Taobao de­fended

Alibaba ‘very dis­ap­pointed’ by US trade la­bel >

China Daily (Hong Kong) - - FRONT PAGE - By HE WEI in Shang­hai hewei@chi­

E-com­merce gi­ant Alibaba Group Hold­ing Ltd has hit out at a US de­ci­sion to la­bel it a haven for coun­ter­feits, in­di­cat­ing that the move may have been po­lit­i­cally mo­ti­vated.

The world’s top on­line re­tailer said on Thurs­day it was “very dis­ap­pointed” by the de­ci­sion to be re­stored to the list of “No­to­ri­ous Mar­kets”, af­ter the US Of­fice of the Trade Rep­re­sen­ta­tive cited a high level of al­leged piracy and coun­ter­feit­ing.

“We are very dis­ap­pointed by the USTR’s de­ci­sion to in­clude Taobao on its ‘No­to­ri­ous Mar­kets’ list, which ig­nores the real work Alibaba has done against counter- feits,” Alibaba Pres­i­dent Michael Evans said.

In 2016 alone, Taobao, the cus­tomer-to-cus­tomer plat­form, has re­moved more than dou­ble the num­ber of in­fring­ing prod­uct list­ings than it did in 2015, Evans said.

“Our re­sults speak for them­selves. Un­for­tu­nately, the USTR’s de­ci­sion leads us to ques­tion whether it acted based on the ac­tual facts or was in­flu­enced by the cur­rent po­lit­i­cal cli­mate,” Evans said.

Alibaba said in a state­ment that the list will not dampen its fight against the fake.

Chi­nese For­eign Min­istry spokes­woman Hua Chun­y­ing said: “The two coun­tries should pro­vide a fair and im­par­tial trade en­vi­ron­ment for the ac­tiv­i­ties of each other’s com­pa­nies.”

The “No­to­ri­ous Mar­kets” list is un­der the aus­pices of the an­nual Spe­cial 301 process where Washington iden­ti­fies trade bar­ri­ers due to in­fringe­ments of in­tel­lec­tual prop­erty rights, ac­cord­ing to Cat­ter Hu, a part­ner at Shang­hai Jiehua Law Firm.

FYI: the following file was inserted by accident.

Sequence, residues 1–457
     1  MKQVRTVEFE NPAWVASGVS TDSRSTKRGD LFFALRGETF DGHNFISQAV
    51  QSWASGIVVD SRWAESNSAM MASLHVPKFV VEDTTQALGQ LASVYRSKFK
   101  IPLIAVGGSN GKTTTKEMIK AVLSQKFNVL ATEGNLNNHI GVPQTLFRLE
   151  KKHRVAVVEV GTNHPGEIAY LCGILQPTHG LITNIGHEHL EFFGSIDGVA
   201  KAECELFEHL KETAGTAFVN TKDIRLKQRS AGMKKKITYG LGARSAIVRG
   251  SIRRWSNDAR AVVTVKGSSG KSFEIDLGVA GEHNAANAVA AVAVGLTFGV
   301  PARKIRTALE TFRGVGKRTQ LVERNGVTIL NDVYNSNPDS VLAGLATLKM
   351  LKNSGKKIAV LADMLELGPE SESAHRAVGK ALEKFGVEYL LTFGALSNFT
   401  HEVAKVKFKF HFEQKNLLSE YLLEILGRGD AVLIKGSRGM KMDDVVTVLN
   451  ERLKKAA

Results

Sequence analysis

“While the re­port mainly tar­gets com­pa­nies and does not nec­es­sar­ily re­flect Washington’s view on re­spec­tive coun­tries, it’s likely to dampen Alibaba’s rep­u­ta­tion in the US, where it has been try­ing to build up ties with re­tail­ers,” Hu said.

How­ever, this year’s re­view also in­cluded a call for the Chi­nese govern­ment to take stronger mea­sures on IPR re­forms, a clear sign that po­lit­i­cal con­sid­er­a­tions are get­ting in the way of busi­ness, said Zhao Ping, deputy di­rec­tor of the Chi­nese Academy of In­ter­na­tional Trade and Eco­nomic Co­op­er­a­tion un­der the Min­istry of Com­merce.

De­spite all of its ef­forts, the com­pany finds it­self listed along with 10 other Chi­nese web­sites and bricks-and­mor­tar mar­kets in the list, deal­ing a fur­ther blow to its over­seas ex­pan­sion, ac­cord­ing to Yang Yaqiong, a se­nior an­a­lyst at Bei­jing-based Analysys.

“It’s more pol­i­tics than any­thing else. If you read through the re­port, you see a rather neg­a­tive tone to­ward the Chi­nese mar­ket at large,” said Yang.

... it’s likely to dampen Alibaba’s rep­u­ta­tion in the US ...” Cat­ter Hu, part­ner of Shang­hai Jiehua Law Firm

Wang Qingyun in Bei­jing con­trib­uted to this story.


A woman tries an Alibaba VR de­vice dur­ing a shop­ping spree in Shen­zhen, Guang­dong prov­ince.

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